Rabbi Andrea Goldstein, Congregation Shaare Emeth, Olivette, Mo.
“In my faith, women are respected as autonomous individuals capable of making decisions that are right for themselves and their families. My faith demands safe, equitable access to all forms of reproductive care, including abortions. I am challenging Missouri’s abortion bans in court because they enforce religious views that are contrary to my faith, robbing me and my congregants of our religious freedom — a direct attack on the separation of church and state.”
The Rev. Barbara Phifer, Retired United Methodist minister and state representative for District 90
“The essence of my faith is that God created all human beings and that all humans have intrinsic, equal worth in the eyes of God. This necessitates that everyone’s health and well-being must be prioritized and their decisions regarding reproductive health care, including access to abortion, must be respected. By removing choice from reproductive care, Missouri’s abortion bans conflict with my faith.”
Rabbi Jim Bennett, senior rabbi at Congregation Shaare Emeth, Creve Coeur, Mo.
“Deeply rooted in Jewish scripture and tradition is the understanding that the life, safety, and well-being of a mother have priority over that of an unborn fetus. Missouri’s state-sponsored bans on abortion are based on one narrow Christian view of abortion, which is wholly inconsistent with Reform Judaism. These bans impose a religious doctrine on me and fellow Reform Jews that contradict our own beliefs.”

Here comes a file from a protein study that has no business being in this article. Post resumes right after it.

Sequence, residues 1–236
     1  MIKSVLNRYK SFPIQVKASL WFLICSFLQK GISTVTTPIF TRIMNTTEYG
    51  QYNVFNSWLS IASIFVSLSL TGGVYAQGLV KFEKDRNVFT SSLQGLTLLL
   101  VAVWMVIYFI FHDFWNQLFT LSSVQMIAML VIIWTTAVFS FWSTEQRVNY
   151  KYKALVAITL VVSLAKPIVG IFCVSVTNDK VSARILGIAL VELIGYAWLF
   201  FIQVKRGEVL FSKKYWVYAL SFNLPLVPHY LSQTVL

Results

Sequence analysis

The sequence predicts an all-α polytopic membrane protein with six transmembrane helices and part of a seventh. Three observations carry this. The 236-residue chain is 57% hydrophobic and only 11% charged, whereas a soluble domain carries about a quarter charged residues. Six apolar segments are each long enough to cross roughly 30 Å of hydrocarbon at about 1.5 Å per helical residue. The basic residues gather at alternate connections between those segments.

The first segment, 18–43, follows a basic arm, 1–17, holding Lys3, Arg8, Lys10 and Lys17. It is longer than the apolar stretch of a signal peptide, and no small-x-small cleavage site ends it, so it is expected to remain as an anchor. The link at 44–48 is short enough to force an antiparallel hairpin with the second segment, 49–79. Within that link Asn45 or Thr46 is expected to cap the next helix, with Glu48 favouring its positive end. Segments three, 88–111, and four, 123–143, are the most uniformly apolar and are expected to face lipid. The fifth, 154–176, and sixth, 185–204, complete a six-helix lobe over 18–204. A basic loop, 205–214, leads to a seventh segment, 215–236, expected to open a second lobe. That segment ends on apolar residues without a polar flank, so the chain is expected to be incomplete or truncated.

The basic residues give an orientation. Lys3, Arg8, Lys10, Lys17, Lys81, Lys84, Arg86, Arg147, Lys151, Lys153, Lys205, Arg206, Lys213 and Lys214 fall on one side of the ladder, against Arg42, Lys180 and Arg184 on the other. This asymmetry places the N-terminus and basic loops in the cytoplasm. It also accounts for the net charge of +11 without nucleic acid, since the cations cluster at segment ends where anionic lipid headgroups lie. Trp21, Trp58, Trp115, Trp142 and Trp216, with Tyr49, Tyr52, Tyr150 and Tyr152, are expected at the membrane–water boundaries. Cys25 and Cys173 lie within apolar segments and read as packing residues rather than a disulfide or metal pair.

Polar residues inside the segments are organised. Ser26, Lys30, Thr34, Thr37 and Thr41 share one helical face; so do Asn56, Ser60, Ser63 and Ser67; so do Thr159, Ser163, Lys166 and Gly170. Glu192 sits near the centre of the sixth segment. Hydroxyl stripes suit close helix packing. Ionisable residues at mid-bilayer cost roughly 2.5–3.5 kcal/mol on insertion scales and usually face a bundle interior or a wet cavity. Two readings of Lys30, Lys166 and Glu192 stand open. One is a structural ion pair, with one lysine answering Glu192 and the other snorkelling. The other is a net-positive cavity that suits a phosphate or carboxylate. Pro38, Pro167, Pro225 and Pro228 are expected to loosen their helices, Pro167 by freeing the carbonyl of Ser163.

Rabbi Susan Talve, rabbi at Central Reform Congregation, Clayton, Mo.
“My passionate, lifelong advocacy for abortion rights is inextricably tied to my Jewish faith. Missouri legislators codified their personal religious beliefs about when life begins, depriving Missourians of critical reproductive health care and undermining the separation of church and state that is essential to religious freedom. Justice and equality are also core principles of my faith – which Missouri’s abortion bans disparage by creating inequities in abortion access. These bans will not end abortion. They only make it dangerous and life threatening for the poor and most vulnerable. These disparities also go against the core teachings of Jewish tradition.”
The Rev. Holly McKissick, lead pastor at Peace Church United Church of Christ, Kansas City, Mo.
“Missouri’s abortion bans do not align with my faith because they punish people who choose to terminate a pregnancy. My tradition believes in freedom of conscience balanced by commitment to community, and this specifically includes making the decision to terminate a pregnancy. Faced with challenging situations, people must be free to make decisions based on both reason and their own conception of faith. These abortion bans marginalize the most disadvantaged members of society. They directly conflict with my faith-based understanding of human life.”
The Rev. Krista Taves, minister of congregational life at Eliot Unitarian Chapel, Kirkwood, Mo.